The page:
British director Andrea Arnold swiftly made a name for herself on the momentum of her successful short films with two intense urban-set dramas, Red Road and Fish Tank, which hit hard on themes of desperation and fury against society's unreasonable despotism. Harsh language and even harsher visuals elevate her works into beautifully challenging visions, often tough to watch but consistently engaging in their coarseness. If ever there was a historical costume drama or classic novel adaptation that might fit her modern-leaning perspective, "Wuthering Heights" would fit the bill far closer than most others. Emily Bronte's tale of privilege, oppression, love and resentment in the 1800s comes alive in this brave, bleak portrait from Arnold, stripped down to the essentials and told through nominal dialogue and naturalistic photography. With her focus on internal turmoil, however, also comes an unsympathetic look at the characters and too heavy a focus on unspoken expression, leaving some of the story twirling in the moor's heavy winds.
Arnold's perspective on class disparity and internalized rage are what shine here, though, both crucial when exploring the mental and emotional state of Heathcliff (Solomon Glave), a homeless boy who's brought to live at Wuthering Heights by Mr. Earnshaw (Paul Hilton), the land's current owner. From there, this take on Bronte's novel mostly focuses on the earlier years of Heathcliff's life as he navigates the pains of callous treatment from those at the farmhouse, namely the jealously-driven agitation from Mr. Earnshaw's son, Hindley (Lee Shaw), when the lord showed favor to the boy. The jealousy also stems from the quick, unwavering bond built between Heathcliff and Catherine (Shannon Beer), Mr. Earnshaw's daughter, who become inseparable as they hike, explore, and wrestle across the austere moors, appearing to fall in love. The times weren't kind to those who grew sick, however, and death changes the way things operate, to which Heathcliff deals with the situational shifts as a low man on the totem pole who has nowhere else to go.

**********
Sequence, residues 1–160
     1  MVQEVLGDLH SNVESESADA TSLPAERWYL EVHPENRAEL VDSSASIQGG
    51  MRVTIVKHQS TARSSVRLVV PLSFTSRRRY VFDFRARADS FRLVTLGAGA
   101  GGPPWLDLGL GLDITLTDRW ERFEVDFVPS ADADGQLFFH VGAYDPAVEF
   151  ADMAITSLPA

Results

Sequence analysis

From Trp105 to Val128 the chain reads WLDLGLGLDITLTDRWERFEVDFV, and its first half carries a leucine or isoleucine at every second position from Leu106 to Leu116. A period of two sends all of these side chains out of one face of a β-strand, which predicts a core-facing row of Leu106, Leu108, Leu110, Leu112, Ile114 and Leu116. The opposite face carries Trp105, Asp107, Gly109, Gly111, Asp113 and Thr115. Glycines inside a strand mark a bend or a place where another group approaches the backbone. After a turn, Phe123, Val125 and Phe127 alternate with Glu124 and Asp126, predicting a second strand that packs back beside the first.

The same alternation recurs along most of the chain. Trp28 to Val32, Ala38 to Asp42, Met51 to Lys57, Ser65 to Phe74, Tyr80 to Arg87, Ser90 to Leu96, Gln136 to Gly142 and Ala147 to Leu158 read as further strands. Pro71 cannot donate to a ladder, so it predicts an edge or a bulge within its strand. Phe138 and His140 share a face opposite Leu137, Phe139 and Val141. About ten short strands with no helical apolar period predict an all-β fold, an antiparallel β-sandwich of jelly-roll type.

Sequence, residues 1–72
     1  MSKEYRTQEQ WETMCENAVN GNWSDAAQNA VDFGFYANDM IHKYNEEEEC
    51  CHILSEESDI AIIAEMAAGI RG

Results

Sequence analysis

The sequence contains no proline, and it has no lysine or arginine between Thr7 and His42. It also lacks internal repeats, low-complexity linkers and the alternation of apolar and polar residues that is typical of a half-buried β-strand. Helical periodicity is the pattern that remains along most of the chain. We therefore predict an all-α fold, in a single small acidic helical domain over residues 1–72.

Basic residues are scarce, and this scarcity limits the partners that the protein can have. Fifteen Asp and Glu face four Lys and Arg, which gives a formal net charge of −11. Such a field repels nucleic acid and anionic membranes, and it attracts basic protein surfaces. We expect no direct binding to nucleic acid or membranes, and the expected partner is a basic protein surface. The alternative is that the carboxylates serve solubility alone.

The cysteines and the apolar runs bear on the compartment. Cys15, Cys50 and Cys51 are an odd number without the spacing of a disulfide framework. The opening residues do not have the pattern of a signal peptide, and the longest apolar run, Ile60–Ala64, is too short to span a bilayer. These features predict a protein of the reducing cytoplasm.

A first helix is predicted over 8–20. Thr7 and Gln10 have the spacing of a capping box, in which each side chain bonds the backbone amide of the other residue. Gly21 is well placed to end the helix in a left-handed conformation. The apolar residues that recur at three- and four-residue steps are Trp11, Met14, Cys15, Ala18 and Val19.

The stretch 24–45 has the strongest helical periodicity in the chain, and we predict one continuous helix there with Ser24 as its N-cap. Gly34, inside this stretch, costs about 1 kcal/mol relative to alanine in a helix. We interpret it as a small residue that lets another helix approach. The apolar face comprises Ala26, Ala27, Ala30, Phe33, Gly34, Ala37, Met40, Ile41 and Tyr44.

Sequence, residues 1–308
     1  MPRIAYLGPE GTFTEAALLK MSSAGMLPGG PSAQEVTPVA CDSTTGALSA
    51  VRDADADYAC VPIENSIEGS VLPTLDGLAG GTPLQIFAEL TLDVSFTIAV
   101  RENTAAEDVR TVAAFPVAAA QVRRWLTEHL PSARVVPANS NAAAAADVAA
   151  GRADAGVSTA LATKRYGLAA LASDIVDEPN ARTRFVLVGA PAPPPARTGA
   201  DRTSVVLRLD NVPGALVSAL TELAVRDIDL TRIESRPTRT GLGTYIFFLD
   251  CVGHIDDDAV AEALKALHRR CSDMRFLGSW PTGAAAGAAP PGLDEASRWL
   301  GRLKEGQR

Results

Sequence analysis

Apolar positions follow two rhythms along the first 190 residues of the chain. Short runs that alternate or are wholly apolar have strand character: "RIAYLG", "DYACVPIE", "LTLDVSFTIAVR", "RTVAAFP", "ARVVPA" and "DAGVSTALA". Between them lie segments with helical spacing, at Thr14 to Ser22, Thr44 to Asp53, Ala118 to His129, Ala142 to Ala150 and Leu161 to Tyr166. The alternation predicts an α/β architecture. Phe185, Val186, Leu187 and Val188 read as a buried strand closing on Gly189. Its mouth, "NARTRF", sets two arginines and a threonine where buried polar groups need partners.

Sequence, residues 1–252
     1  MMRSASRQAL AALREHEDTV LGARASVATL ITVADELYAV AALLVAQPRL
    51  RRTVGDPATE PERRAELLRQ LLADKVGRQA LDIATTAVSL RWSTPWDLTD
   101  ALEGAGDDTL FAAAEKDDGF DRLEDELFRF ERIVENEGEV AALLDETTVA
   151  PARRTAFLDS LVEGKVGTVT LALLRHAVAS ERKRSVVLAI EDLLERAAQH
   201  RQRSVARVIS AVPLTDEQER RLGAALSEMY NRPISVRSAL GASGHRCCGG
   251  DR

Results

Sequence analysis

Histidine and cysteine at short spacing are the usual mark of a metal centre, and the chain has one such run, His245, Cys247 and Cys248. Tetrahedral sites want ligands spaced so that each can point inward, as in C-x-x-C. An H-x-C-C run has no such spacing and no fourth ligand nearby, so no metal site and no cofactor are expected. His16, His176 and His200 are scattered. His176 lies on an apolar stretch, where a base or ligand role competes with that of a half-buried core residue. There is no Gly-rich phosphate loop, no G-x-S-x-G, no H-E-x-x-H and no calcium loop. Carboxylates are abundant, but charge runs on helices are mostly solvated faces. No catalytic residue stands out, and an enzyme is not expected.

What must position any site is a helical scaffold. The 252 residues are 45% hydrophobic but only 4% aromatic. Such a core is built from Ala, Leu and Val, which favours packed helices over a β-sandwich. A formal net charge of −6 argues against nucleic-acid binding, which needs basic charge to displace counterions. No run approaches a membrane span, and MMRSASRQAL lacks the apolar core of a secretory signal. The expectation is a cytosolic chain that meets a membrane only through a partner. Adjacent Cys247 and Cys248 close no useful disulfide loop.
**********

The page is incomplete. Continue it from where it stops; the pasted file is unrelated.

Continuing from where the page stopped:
Wuthering Heights and the surrounding moors are adorned with stark skies and aggressive winds that isolate Heathcliff in an effortlessly desperate setting. Arnold reteams with cinematographer Robbie Ryan to attain the grimy, desolate tone of life on the land, where our jostled point-of-view caresses plumes of feathers and dirt caked on faces with entrancing plays on depth of field. Physical and emotional coldness can be felt in every frame overlooking Heathcliff's shoulder, where only the warmth of candlelight occasionally breaks it up. Arnold doesn't shy away from capturing volatile images in that severity either, from physical abuse to frequent -- sometimes necessary, sometimes not -- animal death. Yet, it's rarely without purpose, those provocative images conveying the soberness of Emily Bronte's environment, where a young boy's choices outside of the farmland's relative safety might be slim. Draped in icy, vacant blues and tans in tall grass which cruelly flirt with warmness, this gorgeousness is rife with overcast, creative intentions.